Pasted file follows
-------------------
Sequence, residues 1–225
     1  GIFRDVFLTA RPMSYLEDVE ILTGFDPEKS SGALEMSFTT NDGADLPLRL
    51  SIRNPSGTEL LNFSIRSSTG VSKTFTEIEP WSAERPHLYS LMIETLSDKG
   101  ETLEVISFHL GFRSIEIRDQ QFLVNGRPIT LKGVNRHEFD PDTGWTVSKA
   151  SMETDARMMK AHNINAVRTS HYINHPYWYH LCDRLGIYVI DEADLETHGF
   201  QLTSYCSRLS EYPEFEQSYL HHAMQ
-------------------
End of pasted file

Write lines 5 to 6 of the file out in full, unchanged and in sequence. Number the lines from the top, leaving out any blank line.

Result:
   151  SMETDARMMK AHNINAVRTS HYINHPYWYH LCDRLGIYVI DEADLETHGF
   201  QLTSYCSRLS EYPEFEQSYL HHAMQ